|Publication number||US7570886 B1|
|Application number||US 10/798,696|
|Publication date||Aug 4, 2009|
|Filing date||Mar 11, 2004|
|Priority date||Mar 14, 2003|
|Publication number||10798696, 798696, US 7570886 B1, US 7570886B1, US-B1-7570886, US7570886 B1, US7570886B1|
|Inventors||Thomas S. Afferton, Martin Birk, Kenneth A. Duell, Hossein Eslambolchi, Kathleen A. Tse, Simon S. Zelingher|
|Original Assignee||Afferton Thomas S, Martin Birk, Duell Kenneth A, Hossein Eslambolchi, Tse Kathleen A, Zelingher Simon S|
|Export Citation||BiBTeX, EndNote, RefMan|
|Patent Citations (8), Referenced by (8), Classifications (11), Legal Events (2)|
|External Links: USPTO, USPTO Assignment, Espacenet|
This application is related to Provisional Application No. 60/454,556, filed Mar. 14, 2003, which is hereby incorporated by reference.
An optical network can be broadly considered as one that includes nodes that accept, output, and/or redirect information channels (packets, or circuits), and transport facilities, for example, optical cables, that interconnect the nodes. The cable between nodes of a network may comprise only one fiber, or may have a large number of fibers.
Currently, the process for establishing traffic carrying capacity between a pair of points contemplates simply managing the physical cable connections at the points, including intermediate junctions. Thus, in order to establish capacity between Chicago and Indianapolis, a cable needs to be physically connected that extends to the intended destination.
Router 126 is poised to place traffic onto the network, or to receive traffic from the network. Currently, in order to provision capacity from element 106 to any particular direction, for example, to NYC, circuitry must be provided at element 106 that converts electrical signals, and/or short-reach optical signals, to long-reach optical signals at a particular wavelength, and the developed optical signal must be coupled to the cable extending to NYC, for example with a coupler as shown in
The deficiencies of the prior art are overcome, and an advance is realized with a network arrangement where nodes of traffic elements that connect to the optical cables are programmable. Specifically, each traffic element comprises electrically controllable transceiver pool having one or more ports that are coupled to an electrically controllable optical director whose information communication paths are all-optical. The transceiver pool has one or more customer-side (CS) connection points in addition to the one or more optical-director-side (ODS) connection points that connect to the optical director, and is adapted to couple a signal from any of the customer connection point to any one of the intermediate connection points that are connected to the optical director, at a particular wavelength. The choices for the specific coupling within the optical director, and of the wavelengths that are operational at the ODS connection points are specified by control signals that are applied to the transceiver pool and to the optical director. Additional benefits are realized by providing for automatic control of more than one node of the network. For optical signals that are connected through the optical director at any traffic element, they can either pass through optically or be dropped to the transceiver pool, to be regenerated or change wavelength.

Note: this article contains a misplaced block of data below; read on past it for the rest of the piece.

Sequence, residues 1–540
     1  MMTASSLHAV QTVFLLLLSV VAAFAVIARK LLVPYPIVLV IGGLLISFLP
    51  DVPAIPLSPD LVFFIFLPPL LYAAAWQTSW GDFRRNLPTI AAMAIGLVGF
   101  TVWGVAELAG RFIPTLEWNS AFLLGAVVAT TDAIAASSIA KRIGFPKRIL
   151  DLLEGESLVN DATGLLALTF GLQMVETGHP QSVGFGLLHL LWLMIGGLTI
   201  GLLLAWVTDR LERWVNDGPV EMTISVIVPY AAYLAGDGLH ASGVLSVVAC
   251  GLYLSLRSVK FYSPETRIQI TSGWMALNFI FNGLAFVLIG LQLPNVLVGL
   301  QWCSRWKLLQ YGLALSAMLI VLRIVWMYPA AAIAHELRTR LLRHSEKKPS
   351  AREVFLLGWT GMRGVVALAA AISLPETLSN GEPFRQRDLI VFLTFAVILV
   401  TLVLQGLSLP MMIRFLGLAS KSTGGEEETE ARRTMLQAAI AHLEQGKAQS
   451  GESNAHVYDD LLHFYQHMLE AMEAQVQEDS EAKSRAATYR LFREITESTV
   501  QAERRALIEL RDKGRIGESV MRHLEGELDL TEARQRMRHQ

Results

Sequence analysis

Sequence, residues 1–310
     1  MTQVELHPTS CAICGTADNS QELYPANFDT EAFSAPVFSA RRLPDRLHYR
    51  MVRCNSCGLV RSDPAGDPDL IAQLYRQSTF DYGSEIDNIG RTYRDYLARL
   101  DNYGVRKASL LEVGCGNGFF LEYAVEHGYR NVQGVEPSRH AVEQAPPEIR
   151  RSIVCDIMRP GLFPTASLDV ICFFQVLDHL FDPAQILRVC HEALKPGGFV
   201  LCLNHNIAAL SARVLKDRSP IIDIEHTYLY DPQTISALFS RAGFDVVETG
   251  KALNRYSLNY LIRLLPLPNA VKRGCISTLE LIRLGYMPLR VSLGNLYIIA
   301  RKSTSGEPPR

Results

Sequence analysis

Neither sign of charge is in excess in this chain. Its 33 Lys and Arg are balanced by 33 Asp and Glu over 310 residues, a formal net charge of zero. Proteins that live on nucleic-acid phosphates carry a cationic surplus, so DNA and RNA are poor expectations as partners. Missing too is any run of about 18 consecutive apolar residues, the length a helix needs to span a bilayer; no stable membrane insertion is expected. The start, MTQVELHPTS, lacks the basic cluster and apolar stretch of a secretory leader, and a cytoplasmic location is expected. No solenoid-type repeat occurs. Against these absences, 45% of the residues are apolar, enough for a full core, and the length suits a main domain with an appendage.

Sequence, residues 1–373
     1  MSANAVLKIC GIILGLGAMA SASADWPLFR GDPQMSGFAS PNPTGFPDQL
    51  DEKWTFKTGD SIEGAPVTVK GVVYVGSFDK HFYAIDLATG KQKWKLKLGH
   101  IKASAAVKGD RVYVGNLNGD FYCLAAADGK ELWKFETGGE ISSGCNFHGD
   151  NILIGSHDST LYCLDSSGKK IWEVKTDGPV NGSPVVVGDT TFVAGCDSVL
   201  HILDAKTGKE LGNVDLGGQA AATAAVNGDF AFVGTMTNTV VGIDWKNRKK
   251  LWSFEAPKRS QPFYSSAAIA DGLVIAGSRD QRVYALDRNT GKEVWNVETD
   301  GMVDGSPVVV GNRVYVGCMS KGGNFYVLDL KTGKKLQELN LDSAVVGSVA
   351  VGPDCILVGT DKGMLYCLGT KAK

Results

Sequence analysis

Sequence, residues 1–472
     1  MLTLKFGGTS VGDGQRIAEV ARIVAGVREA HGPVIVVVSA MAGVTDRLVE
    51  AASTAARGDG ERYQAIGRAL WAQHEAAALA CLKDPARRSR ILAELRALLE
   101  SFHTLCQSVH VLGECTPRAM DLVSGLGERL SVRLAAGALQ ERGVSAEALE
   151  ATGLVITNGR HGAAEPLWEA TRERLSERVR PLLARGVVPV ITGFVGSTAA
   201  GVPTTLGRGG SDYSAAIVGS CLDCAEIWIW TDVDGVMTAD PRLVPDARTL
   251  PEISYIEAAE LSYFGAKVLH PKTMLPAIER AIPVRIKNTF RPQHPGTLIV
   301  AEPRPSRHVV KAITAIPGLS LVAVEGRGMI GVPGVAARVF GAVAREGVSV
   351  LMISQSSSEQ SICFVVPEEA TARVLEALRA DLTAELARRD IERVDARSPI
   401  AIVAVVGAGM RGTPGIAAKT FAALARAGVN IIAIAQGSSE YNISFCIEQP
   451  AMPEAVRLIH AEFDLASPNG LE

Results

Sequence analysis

It is possible for transceiver 127 to utilize a portion of the information that is received at a port, and to not communicate that portion to the other port—for example, error correction codes. It is also possible for a port to output information that was not injected at the other port, effectively creating information—for example, error correction codes. However, the primary function of transceiver 127 is to provide a signal to optical director 117 that communicates information that a customer wishes to transmit, in a format that can be usefully absorbed by the optical director; and conversely, to accept a signal from optical director 117, when it is appropriately modulated onto the particular wavelength, and to communicate information to a customer that is embedded in that optical director signal and is intended to be delivered to the customer. Therefore, in the context of this disclosure, the information transfer characteristics of tunable transceiver 127 are, at times, referred to as a communication of “substantially all of the information” from one port to the other port.
Transceiver 127 may comprise uni-directional tunable transponders, or two uni-directional tunable transponders that are connected to provide a signal path in each direction. Tunable transponders are well known in the art. Optical director 117 is a device where the information flows essentially through only optical paths. That is, save for a preprocessing element that, if necessary, converts an electrical signal to an optical signal, the paths through which information flows is all-optical. As depicted in
It should be noted that in the context of this disclosure, the term “connection point” intends to convey the notion of a logical connection point rather than a physical terminal or a port of a device. The concept is that tunable transceiver 128, or more specifically, the individual tunable transceiver elements of transceiver 128, may be integrated into the optical director without departing from the spirit of the invention, which case the ODS connection points may not be physically ascertainable or accessible to a crafts person. Correspondingly, the individual tunable transceiver elements of transceiver 128 may be integrated into the service layer device (such as a router), in which case the CS connection points may not be physically ascertainable or accessible to a crafts person.